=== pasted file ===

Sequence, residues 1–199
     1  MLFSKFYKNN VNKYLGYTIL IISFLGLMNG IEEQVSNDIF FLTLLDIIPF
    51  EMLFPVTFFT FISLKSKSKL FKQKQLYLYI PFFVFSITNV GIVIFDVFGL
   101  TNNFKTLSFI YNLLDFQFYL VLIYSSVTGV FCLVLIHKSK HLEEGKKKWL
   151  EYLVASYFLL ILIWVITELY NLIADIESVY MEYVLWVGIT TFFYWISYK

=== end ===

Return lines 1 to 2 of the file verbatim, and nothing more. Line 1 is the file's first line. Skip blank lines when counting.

Sequence, residues 1–199
     1  MLFSKFYKNN VNKYLGYTIL IISFLGLMNG IEEQVSNDIF FLTLLDIIPF